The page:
Time interval is the most important meta data in Odysseus as it is the base for a semantically correct processing. It is used for applying temporal context to events like in most streaming and event based systems. Without going into deep detail, it allows to map the semantic of streaming operators to the semantic of relational algebra operators and to apply a so called snapshot reducibility.
The time interval is defined with a start time stamp and an end time stamp, and describes the temporal validity of the event. Events are only allowed to be processed together if their time intervals overlap (they are valid during the same time). We will give an example below.
You can access the meta data from every stream element with
TimeInterval.end (e.g. in MEP or in Select operator)
To set the start time stamp of incoming events, each source in Odysseus must be described (similar to the create table command in SQL), especially a schema giving the attribute names and their data types is needed for tuples. By using the special data type starttimestamp the content of this attribute is interpreted as time stamp and the meta data of the tuple will be set to this application time value. If no information is given, the value is interpreted as milliseconds since 1970, as this is the default case in many systems (e.g., Unix). If no attribute is dened as starttimestamp, the current system time is used as start time stamp.
The start time stamp can be manipulated during the processing. This can be done with a special TIMESTAMP operator or because the semantic of an operation requires the adaption. E.g., the Timestamp operator operator may be used if an input attribute needs some processing before it can be interpreted as time. A typical example is a string based time stamp.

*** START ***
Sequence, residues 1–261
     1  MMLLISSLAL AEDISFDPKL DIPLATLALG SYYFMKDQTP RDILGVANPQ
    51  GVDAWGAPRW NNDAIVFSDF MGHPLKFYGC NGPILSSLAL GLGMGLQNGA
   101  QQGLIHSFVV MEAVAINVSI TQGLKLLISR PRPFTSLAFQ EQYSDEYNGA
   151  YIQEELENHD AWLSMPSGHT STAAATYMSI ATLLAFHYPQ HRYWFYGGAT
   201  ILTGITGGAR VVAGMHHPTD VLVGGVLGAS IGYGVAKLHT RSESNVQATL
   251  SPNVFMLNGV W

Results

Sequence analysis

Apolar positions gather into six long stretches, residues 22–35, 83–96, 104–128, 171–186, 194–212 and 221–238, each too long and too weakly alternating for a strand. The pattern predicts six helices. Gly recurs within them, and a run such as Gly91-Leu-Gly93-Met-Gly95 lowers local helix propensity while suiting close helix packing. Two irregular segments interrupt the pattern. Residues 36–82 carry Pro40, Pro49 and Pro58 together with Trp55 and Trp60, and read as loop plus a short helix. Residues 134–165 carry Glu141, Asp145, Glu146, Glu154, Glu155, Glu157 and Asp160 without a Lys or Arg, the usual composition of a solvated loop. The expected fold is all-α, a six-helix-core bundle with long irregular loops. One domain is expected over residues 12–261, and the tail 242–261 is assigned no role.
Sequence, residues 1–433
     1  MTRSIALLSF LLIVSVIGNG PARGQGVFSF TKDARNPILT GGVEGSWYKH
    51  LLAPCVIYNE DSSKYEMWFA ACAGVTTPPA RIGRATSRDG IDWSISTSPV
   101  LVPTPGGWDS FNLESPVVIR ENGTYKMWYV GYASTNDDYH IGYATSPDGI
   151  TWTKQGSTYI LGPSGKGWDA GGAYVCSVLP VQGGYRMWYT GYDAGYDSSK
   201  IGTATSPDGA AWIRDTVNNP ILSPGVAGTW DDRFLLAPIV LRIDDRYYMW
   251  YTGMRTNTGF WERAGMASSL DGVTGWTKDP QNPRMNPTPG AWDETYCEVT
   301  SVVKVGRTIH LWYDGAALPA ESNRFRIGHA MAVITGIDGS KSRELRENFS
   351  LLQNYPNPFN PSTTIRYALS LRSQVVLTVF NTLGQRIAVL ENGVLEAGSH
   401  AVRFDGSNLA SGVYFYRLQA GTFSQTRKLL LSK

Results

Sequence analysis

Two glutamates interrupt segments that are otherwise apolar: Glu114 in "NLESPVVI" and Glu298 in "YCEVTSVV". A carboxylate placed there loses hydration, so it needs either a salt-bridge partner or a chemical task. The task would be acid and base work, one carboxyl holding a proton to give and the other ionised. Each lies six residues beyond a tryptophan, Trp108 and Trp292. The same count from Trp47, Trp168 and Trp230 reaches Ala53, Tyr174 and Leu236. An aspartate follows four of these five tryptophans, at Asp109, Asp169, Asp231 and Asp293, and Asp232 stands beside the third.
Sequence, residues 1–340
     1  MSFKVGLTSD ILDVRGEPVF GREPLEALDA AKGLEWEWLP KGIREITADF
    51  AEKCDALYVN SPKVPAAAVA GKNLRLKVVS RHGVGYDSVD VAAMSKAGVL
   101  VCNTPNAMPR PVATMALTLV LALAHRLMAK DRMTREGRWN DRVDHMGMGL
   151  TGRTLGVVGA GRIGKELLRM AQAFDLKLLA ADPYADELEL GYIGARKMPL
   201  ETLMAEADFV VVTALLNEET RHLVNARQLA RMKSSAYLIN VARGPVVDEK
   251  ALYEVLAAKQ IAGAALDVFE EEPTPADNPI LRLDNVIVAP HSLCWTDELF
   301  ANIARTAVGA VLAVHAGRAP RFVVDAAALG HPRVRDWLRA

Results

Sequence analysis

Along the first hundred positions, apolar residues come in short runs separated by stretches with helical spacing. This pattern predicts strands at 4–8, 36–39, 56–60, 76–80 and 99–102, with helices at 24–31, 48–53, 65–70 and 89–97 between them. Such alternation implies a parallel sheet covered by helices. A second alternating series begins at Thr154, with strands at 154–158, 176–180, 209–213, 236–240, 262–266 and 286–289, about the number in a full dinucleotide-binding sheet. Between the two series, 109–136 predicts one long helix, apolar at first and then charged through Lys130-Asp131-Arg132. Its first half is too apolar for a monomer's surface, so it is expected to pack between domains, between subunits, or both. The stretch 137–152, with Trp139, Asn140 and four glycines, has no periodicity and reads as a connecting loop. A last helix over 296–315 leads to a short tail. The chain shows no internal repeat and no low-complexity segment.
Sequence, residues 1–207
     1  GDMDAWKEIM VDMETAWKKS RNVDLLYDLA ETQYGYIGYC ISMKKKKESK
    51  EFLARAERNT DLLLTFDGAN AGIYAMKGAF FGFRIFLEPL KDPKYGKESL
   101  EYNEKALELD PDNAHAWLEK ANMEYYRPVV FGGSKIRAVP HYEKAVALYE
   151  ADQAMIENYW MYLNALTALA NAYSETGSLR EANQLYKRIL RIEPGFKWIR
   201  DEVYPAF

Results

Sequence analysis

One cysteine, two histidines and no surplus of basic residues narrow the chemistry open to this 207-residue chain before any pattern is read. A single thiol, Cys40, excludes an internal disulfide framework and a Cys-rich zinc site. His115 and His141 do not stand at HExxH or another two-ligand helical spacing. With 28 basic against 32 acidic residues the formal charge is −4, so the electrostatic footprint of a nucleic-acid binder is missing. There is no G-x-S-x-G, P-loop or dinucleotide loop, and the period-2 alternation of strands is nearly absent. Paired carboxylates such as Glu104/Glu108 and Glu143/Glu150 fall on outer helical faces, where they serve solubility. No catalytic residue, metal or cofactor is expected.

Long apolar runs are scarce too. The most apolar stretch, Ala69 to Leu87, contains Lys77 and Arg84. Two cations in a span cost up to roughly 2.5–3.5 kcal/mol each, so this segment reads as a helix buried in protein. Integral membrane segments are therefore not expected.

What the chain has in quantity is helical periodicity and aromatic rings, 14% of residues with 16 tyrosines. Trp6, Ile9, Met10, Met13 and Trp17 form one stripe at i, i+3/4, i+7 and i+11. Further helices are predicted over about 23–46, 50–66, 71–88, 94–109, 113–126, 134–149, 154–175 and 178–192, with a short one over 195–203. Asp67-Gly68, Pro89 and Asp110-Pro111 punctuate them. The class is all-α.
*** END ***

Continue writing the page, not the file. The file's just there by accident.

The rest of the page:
The end time stamp states the point in time when an event gets invalid. Initially, the end time stamp is set to innity. This means, the event starts at some time and is valid forever. To set the end time stamp, dierent options exist in Odysseus. Similar to the starttimestamp an endtimestamp attribute data type can be used. The typical case however is the usage of windows, which reduce the validity of an event to a distinct portion of time.
In opposite to many other systems, the denition of a window in Odysseus is not coupled to the operators that use these windows (e.g., a 15 minute aggregation). Instead, window operators are provided. We allow time based (e.g., the last 30 minutes), element based (e.g., the last 100 events), and predicate based (e.g., only when the temperature is above 10 degree centigrade) windows. For all window types further options like the movement or a grouping are possible. Each window denition is mapped to a modication of the end time stamp. The main advantage of this approach is that following operators do not have to deal with the way a window is dened.
How an operator handles a time interval depends on the operator type. For most stateless operators like lters, mappings or projections, the time stamp is ignored and not manipulated in any way. Instead, statefull operators need to take the content of the time interval into account. There a two ways of treatment. For an operator like Union operator the time intervals are not manipulated. Typically, Union operator is in most systems a stateless operator. In our system, we need some hint of time progress for purging reasons. This can be done with so called punctuations or simply by ordering all events according to their start time stamps. Irrespective of the way, order needs to be assured (at least for the punctuations). So the Union operator needs to keep state about the time progress in each of it input streams and has to guarantee that no events occur out of order.
The Aggregate (and Group) operator is an example for the other way of treatment. It has to assure that only events with overlapping time intervals are aggregated. The result of the aggregation is a new event with a time interval that is the intersection of all involved events.
The Join operator operator is a mixture of both ways of treatment. A JOIN merges two events from dierent input streams if thejoin predicate is fullled. Additionally, it has to consider the time intervals. Only events that are valid at the same time are allowed to be joined and the time interval of the resulting event is the intersection of the time intervals of both events. Since the intersection operation can produce out of order events, the Join operator also has to handle order related tasks as the Union operator does.